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12.3: Coastlines on Active and Passive Continental Margins

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    10334
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    Coastlines on Active and Passive Continental Margins

    In North America, the Pacific Coast is an active continental margin, whereas the Atlantic Coast is a passive continental margin (Figures 12-11 and 12-12).

    An active continental margin is a coastal region that is characterized by mountain-building activity including earthquakes, volcanic activity, and tectonic motion resulting from movement of tectonic plates. Active margins typically have a narrower and steeper continental shelf and slope. They can also be subsiding or uplifting. Active continental margins are also associated with subduction zones, often include a deep offshore trench. The Pacific Coast is an active margin that is characterized by narrow beach, steep cliffs, rugged coastlines with headlands and sea stacks (see features discussed below).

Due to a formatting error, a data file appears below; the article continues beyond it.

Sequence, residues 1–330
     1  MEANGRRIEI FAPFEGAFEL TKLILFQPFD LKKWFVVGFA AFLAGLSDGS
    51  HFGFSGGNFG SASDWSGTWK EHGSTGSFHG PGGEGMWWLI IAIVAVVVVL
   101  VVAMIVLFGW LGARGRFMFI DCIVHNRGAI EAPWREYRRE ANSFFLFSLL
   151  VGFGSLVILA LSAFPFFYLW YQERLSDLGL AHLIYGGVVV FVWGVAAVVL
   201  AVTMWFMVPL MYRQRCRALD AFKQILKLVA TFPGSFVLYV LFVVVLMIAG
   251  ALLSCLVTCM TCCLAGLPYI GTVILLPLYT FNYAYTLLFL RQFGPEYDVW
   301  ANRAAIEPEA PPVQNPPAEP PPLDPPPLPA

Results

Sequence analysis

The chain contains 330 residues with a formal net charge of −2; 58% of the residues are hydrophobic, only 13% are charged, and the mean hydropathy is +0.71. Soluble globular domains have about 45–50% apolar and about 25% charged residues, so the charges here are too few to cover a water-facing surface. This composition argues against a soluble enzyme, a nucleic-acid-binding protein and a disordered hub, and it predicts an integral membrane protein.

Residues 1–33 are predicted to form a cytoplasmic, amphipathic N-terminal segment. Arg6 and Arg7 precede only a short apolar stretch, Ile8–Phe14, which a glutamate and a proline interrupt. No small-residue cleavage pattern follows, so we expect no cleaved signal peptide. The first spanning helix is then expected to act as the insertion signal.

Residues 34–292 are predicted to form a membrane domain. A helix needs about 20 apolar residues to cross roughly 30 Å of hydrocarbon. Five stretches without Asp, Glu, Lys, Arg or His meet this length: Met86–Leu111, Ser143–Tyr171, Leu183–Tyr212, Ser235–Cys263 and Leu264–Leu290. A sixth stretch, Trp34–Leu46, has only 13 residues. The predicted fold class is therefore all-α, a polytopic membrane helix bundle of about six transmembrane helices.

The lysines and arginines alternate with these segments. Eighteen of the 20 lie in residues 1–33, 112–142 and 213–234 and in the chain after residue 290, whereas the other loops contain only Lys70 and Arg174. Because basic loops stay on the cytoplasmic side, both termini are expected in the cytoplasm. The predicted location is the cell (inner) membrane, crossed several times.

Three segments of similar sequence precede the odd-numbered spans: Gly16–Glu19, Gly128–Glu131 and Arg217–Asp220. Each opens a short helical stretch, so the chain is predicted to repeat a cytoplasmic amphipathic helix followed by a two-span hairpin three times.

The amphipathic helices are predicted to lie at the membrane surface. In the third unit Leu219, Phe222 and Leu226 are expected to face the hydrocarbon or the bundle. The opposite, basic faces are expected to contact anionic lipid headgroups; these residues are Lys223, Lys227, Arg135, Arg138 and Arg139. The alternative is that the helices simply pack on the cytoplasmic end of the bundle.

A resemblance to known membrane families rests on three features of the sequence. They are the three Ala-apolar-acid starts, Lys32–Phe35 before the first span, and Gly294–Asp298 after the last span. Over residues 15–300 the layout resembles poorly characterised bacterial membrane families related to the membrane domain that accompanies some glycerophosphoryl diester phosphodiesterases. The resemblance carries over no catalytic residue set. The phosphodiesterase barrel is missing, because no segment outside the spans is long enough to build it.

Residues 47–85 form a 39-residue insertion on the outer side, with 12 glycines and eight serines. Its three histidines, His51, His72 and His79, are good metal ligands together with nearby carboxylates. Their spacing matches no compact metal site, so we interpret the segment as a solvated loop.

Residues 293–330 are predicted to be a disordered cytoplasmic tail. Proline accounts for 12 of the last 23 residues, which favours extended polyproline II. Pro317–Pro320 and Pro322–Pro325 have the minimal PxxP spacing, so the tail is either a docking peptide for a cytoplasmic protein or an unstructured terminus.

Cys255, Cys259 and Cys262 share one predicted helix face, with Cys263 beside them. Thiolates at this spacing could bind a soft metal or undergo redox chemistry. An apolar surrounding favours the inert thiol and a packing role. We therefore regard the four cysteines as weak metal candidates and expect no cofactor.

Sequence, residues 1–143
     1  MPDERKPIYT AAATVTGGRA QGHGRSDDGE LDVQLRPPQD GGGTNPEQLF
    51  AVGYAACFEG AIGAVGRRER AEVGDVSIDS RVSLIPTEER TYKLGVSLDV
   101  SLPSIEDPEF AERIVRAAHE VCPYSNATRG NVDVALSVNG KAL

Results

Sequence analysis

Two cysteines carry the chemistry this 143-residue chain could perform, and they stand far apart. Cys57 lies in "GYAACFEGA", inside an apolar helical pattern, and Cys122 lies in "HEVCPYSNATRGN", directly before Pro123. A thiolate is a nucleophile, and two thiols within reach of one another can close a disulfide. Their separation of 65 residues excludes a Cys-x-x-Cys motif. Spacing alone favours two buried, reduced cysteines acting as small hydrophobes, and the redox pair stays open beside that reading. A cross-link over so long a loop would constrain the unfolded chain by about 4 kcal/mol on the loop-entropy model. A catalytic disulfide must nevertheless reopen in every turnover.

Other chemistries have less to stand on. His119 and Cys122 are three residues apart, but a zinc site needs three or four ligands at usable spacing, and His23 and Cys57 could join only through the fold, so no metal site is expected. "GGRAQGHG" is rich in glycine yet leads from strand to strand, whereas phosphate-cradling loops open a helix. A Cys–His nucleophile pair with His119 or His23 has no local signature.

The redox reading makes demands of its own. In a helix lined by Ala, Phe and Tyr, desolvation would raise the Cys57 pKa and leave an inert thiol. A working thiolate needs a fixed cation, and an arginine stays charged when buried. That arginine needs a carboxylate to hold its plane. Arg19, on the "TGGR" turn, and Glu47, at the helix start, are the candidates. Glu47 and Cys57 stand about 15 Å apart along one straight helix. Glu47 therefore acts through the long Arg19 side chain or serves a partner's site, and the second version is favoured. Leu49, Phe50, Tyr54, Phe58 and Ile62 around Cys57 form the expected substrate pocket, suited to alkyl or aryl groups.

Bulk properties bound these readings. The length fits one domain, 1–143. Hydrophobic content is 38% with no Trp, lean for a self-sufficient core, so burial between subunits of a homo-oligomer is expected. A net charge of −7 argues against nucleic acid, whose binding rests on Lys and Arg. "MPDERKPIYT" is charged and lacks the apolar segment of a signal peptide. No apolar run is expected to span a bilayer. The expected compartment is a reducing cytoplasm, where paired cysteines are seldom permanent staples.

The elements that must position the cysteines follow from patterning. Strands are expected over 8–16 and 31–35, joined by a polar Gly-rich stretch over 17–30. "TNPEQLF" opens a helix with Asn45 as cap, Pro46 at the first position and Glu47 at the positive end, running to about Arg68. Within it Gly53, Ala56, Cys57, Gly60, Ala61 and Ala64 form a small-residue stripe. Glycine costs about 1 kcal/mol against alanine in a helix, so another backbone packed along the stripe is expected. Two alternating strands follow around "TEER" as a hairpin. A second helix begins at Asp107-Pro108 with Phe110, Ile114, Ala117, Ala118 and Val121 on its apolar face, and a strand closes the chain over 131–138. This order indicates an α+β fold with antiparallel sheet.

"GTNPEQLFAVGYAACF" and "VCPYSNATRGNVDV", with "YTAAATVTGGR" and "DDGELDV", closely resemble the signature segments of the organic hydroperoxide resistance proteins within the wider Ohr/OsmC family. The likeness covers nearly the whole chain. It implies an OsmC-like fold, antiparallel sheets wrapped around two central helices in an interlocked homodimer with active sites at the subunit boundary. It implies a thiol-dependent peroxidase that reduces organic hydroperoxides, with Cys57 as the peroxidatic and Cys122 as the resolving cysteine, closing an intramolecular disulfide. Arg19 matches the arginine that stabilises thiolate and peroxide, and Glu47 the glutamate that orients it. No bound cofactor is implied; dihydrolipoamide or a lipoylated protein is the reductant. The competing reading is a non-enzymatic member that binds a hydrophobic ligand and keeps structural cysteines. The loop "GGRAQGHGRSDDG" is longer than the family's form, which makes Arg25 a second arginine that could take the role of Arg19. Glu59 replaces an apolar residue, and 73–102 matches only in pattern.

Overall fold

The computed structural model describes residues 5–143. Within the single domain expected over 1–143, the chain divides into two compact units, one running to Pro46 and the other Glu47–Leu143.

Passive continental margins occur where the transition between oceanic and continental crust which is not an active plate boundary. Passive margins are characterized by wide beaches, barrier islands, broad coastal plains. Offshore passive margins typically have a wider and flatter continental shelf and slope. They are usually subsiding. Examples of passive margins are the Atlantic and Gulf coastal regions which represent setting where thick accumulations of sedimentary materials have buried ancient rifted continental boundaries formed by the opening of the Atlantic Ocean basin.

    North Carolina Outer Banks satellite view Satellite view of San Francisco and Monterey Bay region
    Figure 12.11. Passive margin: North Carolina's Outer Banks region showing coastal plain, rivers, tidal estuaries, lagoon, barrier islands, and shallow Atlantic continental shelf. Figure 12.12. Active margin: San Francisco Bay and Monterey Bay region has actively rising coastal range mountains and sinking coastal basins.